Practical Handoff Considerations

(1) Practically, several problems arise when attempting to design for a wide range of mobile velocities High speed vehicles pass through the coverage region of a cell within a matter of seconds, whereas pedestrian users may never need a handoff during a call Particularly with the addition of microcells to provide capacity, the MSC can quickly become burdened if high speed users are constantly being passed between very small cells

(2) Another practical limitation is the ability to obtain new cell sites. In practice it is difficult for cellular service providers to obtain new physical cell site locations in urban areas

The umbrella Cell Solution

Is used to provide large area coverage to high speed users while providing small area coverage to users traveling at low speeds By using different antenna heights (often on the same building or tower) and different power levels, it is possible to provide large and small cells which are co-located at a single location # handoffs is minimized for high speed users and provides additional microcell channels for pedestrian users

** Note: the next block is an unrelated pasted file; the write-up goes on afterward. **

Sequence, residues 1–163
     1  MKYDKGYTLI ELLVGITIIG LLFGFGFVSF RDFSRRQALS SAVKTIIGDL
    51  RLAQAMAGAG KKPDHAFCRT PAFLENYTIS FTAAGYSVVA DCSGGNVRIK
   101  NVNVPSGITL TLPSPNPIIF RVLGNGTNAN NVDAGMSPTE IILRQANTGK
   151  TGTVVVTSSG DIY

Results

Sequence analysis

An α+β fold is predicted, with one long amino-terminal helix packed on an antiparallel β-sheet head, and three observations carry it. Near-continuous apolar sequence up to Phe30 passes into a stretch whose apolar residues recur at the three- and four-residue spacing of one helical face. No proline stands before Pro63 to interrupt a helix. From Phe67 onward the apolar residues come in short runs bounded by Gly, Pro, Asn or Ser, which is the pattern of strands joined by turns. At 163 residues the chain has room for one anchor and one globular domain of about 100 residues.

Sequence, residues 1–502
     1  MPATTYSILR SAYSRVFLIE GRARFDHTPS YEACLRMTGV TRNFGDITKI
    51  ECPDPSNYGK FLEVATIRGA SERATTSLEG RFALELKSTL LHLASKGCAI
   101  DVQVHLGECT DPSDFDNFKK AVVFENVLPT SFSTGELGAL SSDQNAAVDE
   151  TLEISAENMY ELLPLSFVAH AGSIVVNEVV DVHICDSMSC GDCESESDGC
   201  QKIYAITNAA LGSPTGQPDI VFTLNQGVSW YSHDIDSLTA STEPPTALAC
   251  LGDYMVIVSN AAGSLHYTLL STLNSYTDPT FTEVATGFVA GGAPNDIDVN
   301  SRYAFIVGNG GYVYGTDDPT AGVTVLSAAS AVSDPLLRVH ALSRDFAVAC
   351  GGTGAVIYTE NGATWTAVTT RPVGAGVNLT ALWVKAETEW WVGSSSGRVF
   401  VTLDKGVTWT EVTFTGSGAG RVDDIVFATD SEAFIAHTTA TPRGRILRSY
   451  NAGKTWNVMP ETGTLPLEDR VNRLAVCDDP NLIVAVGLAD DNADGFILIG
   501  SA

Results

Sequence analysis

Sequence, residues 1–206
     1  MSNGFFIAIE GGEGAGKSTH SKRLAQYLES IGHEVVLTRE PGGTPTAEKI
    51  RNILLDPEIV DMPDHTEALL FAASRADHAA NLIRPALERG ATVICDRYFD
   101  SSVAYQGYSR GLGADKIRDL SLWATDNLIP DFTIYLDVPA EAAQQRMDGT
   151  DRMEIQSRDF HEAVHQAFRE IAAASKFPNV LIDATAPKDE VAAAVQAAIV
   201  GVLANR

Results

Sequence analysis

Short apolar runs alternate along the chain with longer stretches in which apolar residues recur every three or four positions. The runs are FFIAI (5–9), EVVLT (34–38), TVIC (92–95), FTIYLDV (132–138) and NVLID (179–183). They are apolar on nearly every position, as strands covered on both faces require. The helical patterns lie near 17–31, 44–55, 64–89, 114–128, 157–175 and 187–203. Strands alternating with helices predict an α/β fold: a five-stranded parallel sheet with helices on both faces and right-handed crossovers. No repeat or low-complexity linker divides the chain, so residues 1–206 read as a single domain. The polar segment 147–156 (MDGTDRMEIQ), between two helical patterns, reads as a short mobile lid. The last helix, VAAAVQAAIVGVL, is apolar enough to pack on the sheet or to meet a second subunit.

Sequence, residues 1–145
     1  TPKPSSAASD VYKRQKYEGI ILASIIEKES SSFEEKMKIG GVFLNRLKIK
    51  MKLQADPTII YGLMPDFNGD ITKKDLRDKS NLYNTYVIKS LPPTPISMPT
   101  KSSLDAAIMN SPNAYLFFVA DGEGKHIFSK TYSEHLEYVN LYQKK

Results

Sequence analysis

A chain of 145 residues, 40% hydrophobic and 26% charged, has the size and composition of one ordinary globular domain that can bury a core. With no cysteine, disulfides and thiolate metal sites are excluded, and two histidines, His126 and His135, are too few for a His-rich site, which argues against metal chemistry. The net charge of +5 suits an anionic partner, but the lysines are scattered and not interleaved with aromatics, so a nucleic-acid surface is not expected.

If a high speed user in the large umbrella cell is approaching the base station, and its velocity is rapidly decreasing, the base station may decide to hand the user into the co-located microcell, without MSC intervention

Umbrella Cell Approach

Cell Dragging
As the user travels away from the base station at a very slow speed, the average signal strength does not decay rapidly Even when the user has traveled well beyond the designed range of the cell, the received signal at the base station may be above the handoff threshold, thus a handoff may not be made

Interference and traffic management problem, since the user has meanwhile traveled deep within a neighboring cell

To solve this problem, handoff thresholds and radio coverage parameters must be adjusted carefully

Interference and System Capacity

Interference is the major limiting factor in performance of cellular radio systems Sources of interference: Mobiles in same cell A call in progress in a neighboring cell Other base stations operating in the same frequency band Non-cellular system leaking energy into the cellular frequency band Effect of interference: Cross talk in voice channels For control channels missed or blocked calls The two main types are: co-channel interference adjacent channel interference